Michael Hall

And so if I'm thinking about, you'd say, on the 6.5 Bcf PUD booking at 10 stages at $650 million a stage, is that pretty consistent then with the PDP as well? And really it's just the length of lateral number stages are like? How is that number then risked, if you will?

Dan Dinges

We have seen some consistencies. I don't want to get into a myopically looking at each stage. But from an overall average standpoint and looking now at all the 500-something stages that we have producing right now, it is -- there's a correlation certainly by the amount that we can recognize not only on the EUR booking but also our anticipated production rates. There's certainly a correlation with the number of stages.

Michael Hall

And then how are well costs trending like in the Marcellus as well as the Eagle Ford at this point?

Dan Dinges

The thing you know, it is -- the wells are being drilled very efficiently. The well costs that you're running, drilling the TD and running pipe is now the minimal cost of the well compared to the number of stages. So the number of stages, like a well that we've recognized here, our PUD bookings would be a $5 million to $5.5 million well.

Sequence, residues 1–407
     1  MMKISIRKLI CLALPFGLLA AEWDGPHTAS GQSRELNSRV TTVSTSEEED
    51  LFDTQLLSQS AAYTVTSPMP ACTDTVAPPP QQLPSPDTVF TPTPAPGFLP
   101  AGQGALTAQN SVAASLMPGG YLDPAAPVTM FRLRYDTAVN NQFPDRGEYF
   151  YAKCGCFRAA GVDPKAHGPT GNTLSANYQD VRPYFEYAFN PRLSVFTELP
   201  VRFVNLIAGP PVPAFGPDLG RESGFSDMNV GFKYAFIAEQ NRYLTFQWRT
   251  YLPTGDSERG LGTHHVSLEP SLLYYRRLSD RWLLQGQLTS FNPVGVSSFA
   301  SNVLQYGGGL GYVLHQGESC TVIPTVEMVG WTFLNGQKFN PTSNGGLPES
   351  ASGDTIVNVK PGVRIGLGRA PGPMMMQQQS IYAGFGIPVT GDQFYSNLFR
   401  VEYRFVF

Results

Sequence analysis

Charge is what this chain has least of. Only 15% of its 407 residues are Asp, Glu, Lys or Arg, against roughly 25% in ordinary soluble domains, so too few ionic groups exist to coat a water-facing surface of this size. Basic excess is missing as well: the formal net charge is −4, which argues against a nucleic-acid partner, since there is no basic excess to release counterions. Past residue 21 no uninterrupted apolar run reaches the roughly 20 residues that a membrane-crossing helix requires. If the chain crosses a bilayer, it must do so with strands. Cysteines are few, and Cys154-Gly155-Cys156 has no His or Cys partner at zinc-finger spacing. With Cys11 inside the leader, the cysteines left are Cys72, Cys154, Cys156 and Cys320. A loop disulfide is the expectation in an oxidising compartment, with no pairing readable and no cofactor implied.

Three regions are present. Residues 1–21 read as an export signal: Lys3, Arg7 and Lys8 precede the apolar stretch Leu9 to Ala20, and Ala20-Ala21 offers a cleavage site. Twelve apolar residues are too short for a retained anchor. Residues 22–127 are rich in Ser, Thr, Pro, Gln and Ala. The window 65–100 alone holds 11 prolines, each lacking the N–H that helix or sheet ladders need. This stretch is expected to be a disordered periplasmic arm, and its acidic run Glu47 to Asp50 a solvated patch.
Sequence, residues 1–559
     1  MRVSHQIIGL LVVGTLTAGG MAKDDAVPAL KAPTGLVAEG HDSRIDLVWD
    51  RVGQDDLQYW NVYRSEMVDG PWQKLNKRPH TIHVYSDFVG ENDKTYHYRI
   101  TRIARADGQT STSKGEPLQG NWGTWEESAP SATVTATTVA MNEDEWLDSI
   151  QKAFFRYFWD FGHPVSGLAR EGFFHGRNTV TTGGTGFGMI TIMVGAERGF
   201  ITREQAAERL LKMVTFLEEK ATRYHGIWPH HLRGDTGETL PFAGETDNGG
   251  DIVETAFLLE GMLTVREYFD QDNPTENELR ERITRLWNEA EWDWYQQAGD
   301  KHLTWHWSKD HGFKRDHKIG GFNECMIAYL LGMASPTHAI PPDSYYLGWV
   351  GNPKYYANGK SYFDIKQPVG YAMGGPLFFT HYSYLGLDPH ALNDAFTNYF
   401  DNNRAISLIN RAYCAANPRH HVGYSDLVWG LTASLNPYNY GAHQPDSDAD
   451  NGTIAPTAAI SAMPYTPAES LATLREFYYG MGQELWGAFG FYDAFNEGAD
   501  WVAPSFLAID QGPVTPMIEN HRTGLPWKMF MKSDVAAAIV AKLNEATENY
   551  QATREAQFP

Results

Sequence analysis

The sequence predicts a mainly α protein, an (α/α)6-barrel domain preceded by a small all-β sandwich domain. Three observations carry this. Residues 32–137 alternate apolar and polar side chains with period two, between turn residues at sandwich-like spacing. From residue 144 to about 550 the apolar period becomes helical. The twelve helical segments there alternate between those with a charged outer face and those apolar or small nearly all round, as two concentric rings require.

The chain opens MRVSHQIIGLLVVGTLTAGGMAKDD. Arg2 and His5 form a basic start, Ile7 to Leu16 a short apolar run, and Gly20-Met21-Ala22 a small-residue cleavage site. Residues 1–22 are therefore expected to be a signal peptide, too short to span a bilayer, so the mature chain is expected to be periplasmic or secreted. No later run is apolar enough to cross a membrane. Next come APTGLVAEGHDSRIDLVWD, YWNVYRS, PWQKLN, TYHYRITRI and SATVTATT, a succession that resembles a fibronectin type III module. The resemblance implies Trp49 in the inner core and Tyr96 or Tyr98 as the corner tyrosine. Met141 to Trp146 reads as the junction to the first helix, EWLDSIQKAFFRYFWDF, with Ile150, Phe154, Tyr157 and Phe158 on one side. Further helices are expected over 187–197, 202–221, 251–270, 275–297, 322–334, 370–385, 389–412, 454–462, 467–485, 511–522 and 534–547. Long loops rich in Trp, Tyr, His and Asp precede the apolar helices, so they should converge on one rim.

Michael Hall

Okay and what about in the Eagle Ford? They got a 6,000-foot lateral.

Dan Dinges

6,000-foot lateral, we're seeing probably $6.5 million to $7.5 million

Operator

Your next question comes from the line of Amir Arif.

Amir Arif - Stifel, Nicolaus & Co., Inc.

A quick question on as you move from '11 to '12, can you just talk about the take-away, whether it's the Tennessee or the Laser line, do you have take-away capacity sort of firmed up for '12?

Dan Dinges

I'll turn that over to Jeff also and he can kind of run through, not only maybe the bank past due but also some of the things we've done on our marketing efforts.

Jeffrey Hutton